• … use one of the drop-down boxes to select different citation styles. If a key citation style is missing, use the green ‘Feedback’ button to request another.
  • The reading list can be printed out in its existing layout (sign in, select ‘Export’ and then ‘Export to PDF’)
  • either of the above options can also be emailed to oneself, to save a copy.
  • The ‘Export’ button enables exporting references in different formats: we will cover this in another post, and on our webpage guides.

If you have questions about any of this, please don’t hesitate to get in touch!

Using ReadingLists@UCL for pre-session readings

SandraBamborough29 August 2014

Once a student has registered and started at UCL they will be able to access the reading lists for their courses on Moodle, through the Library Resources block.

The good news is they don’t need to wait until then: if you have created an online reading list for your course, even if more resources will be added in readiness for the new term, your students will be able to access this online now. Students can search by module code or title, or drill down through the hierarchy till they find their course, then click on their list.

They can see which readings are essential, or suggested for student purchase, so they can read or buy these before they arrive at UCL. Some links may take them to subscribed resources hidden behind a log-in page (e.g. an electronic version of a book or journal article, or TV programme) which they won’t be able to access until they have registered at UCL.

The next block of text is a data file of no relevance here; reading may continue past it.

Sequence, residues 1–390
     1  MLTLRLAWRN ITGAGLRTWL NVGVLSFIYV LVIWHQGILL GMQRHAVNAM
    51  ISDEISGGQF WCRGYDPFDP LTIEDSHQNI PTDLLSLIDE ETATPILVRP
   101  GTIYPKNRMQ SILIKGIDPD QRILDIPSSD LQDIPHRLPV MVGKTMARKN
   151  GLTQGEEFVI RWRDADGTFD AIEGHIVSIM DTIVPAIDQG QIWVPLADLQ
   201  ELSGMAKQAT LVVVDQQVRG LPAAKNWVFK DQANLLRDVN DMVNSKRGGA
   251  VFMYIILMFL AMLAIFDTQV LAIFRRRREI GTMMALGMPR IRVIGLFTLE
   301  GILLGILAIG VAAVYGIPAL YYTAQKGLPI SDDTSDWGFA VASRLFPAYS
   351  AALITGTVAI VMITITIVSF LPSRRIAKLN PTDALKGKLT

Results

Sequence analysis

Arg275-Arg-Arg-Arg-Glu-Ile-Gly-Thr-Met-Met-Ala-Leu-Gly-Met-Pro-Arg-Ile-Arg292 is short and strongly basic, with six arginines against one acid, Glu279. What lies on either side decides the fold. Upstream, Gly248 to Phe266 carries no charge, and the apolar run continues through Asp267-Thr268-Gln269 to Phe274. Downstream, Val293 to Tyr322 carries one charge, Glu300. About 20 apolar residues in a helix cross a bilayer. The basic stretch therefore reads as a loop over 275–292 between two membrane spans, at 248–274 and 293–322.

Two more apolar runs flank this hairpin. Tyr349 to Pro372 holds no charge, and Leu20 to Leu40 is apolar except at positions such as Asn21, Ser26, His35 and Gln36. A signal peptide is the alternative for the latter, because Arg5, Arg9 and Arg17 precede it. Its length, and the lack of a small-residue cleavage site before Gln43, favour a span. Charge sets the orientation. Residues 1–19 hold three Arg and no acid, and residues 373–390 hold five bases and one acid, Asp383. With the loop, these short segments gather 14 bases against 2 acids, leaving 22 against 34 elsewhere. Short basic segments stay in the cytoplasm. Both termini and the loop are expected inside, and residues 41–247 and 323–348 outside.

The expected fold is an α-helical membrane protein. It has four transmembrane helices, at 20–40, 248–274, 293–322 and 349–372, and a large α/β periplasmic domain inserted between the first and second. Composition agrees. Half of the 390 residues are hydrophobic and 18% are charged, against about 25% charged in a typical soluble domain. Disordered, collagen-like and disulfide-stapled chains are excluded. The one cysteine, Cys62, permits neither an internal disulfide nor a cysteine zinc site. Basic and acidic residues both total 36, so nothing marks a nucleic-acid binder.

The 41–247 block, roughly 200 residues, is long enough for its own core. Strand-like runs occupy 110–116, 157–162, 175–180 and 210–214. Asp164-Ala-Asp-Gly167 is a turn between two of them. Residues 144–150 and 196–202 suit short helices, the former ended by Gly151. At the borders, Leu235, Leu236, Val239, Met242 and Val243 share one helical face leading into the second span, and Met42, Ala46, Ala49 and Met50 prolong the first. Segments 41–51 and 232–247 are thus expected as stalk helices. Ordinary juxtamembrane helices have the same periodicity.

One department is already making use of this for their students by including details in their welcome letter. This is a great taster for their courses and the keen and enterprising student can get ahead with their reading.

For those thinking of coming to UCL in the future, our reading lists offer a fantastic shop window of what we have to offer those students who choose to learn with us.

Students can find more information on the reading list student page.

Student Survey

SandraBamborough18 June 2014

Just what do students really think about those reading lists you prepare for their courses using ReadingLists@UCL?  These are some of the positive comments we captured in feedback in early June from a straw poll of undergraduate and postgraduate students:

“If you didn’t have these you wouldn’t know where to begin”
 
“Good because you can link through to a text directly”
 
“If someone in the year below asked what’d help in their course I’d direct them to reading lists”
 
“… easy to use when doing bibliography”
 
“Useful if just looking for a chapter that’s linked through”
 

Find out how to set up a reading list  or email us